A medieval disdain for evidence… fetid swamps of arrogant stupidity, up from which deranged buffoons now bubble up to be leaders. Stupidity and mendacity are new virtues, truth is falsehood, solipsistic belief reigns over disinterested verifiability, lobotomised strong-men dominate. No wonder democracy is in retreat.
Oliver Wendell Holmes famously observed that he loved paying taxes; with them he bought civilisation.
This aphorism succinctly expresses the democratic deal: harmonious collective existence depends on good government to deliver it.
However, its rhetorical neatness rests on an assumption: that everyone actually regards civilisation as something worth having.
Unfortunately growing numbers of its greatest beneficiaries now casually disdain it, and many envious onlookers are increasingly disillusioned.
In consequence, evident democratic shortcomings are no longer confined to its evolving apex, but now increasingly appear in its foundations.
Hitherto sensed as vague unease, these structural weaknesses have even grown to threaten formerly stable political parties. Increasingly corroded by us-versus-them populism, hate-framed nationalist resentment, and a medieval disdain for evidence, some have dissolved into fetid swamps of arrogant stupidity, up from which deranged buffoons now bubble up to be leaders.
Stupidity and mendacity are new virtues; truth is falsehood; solipsistic belief reigns over disinterested verifiability; lobotomised strong-men dominate. No wonder democracy is in retreat.
Even in Australia, redlines that used to define the acceptable limits of public discourse are now routinely ignored.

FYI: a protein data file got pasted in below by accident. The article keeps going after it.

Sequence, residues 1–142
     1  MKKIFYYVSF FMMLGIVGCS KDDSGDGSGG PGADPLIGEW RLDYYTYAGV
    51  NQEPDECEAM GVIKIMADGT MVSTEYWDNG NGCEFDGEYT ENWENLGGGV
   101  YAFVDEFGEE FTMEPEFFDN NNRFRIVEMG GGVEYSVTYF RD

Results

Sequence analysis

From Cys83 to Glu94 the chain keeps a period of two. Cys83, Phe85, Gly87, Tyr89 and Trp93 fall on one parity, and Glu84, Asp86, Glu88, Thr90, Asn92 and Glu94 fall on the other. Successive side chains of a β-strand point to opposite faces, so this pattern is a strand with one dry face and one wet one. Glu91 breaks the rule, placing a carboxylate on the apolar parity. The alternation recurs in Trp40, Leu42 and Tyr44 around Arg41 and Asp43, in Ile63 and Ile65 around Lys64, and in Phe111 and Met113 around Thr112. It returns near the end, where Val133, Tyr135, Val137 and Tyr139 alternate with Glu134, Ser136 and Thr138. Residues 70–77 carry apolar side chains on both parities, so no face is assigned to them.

A lump of coal debates energy policy. Parliament votes on whether or not it’s good to be “white”. Despite growing appreciation of wartime sacrifice, members of parliament attend Nazi-saluting anti-immigrant rallies. In each instance outcry is loud – but depressingly brief.
Unfortunately, these pathologies have metastasised into urban affairs.
Having failed to keep infrastructure spending apace with urban growth we seek to control immigration at considerable economic risk, rather than reinvest in cities.
In the face of growing demand for more urban public transport, we instead start a mega road project on the promise of “urban regeneration”, since delayed, and a low build cost, now growing.
“Commercial in confidence” grounds now prevent public scrutiny of the delivery agency, now privatised.
Houses are no longer affordable, particularly for the young, so it becomes the “number one priority” politically. However, many older voters disproportionately benefit from price growth so not much actually happens.
The doubtful business case to rebuild fairly new sporting infrastructure is concealed. Clever-dick contracts look set to lock it in before the next election.
Recent building failures now point to chronically lax regulations favouring developers.
New planning and infrastructure coordinating agencies, established to satisfy electorate concerns at poor urban governance, are ignored.
“Decision based evidence making” routinely enslaves objectivity to the selection and “sell” of urban projects.
Increasingly, urban governments and their institutions are viewed as incompetent, self-serving or worse, just irrelevant.
Unsurprisingly, those who consider the only good government is a throttled one don’t seem to mind very much.
Against this depressing background the City of Sydney’s current strategic planning activities could take on new significance.
About 10 years ago the City released its “Sustainable Sydney – 2030” plan; grandly subtitled “The Vision” but more prosaically known as “SS-2030”.
The document was ground breaking in a number of ways.
SS-2030 initially addressed the whole city, undivided into parts controlled by local government. This treatment reproduced in its ambit the lived experience of most Sydneysiders.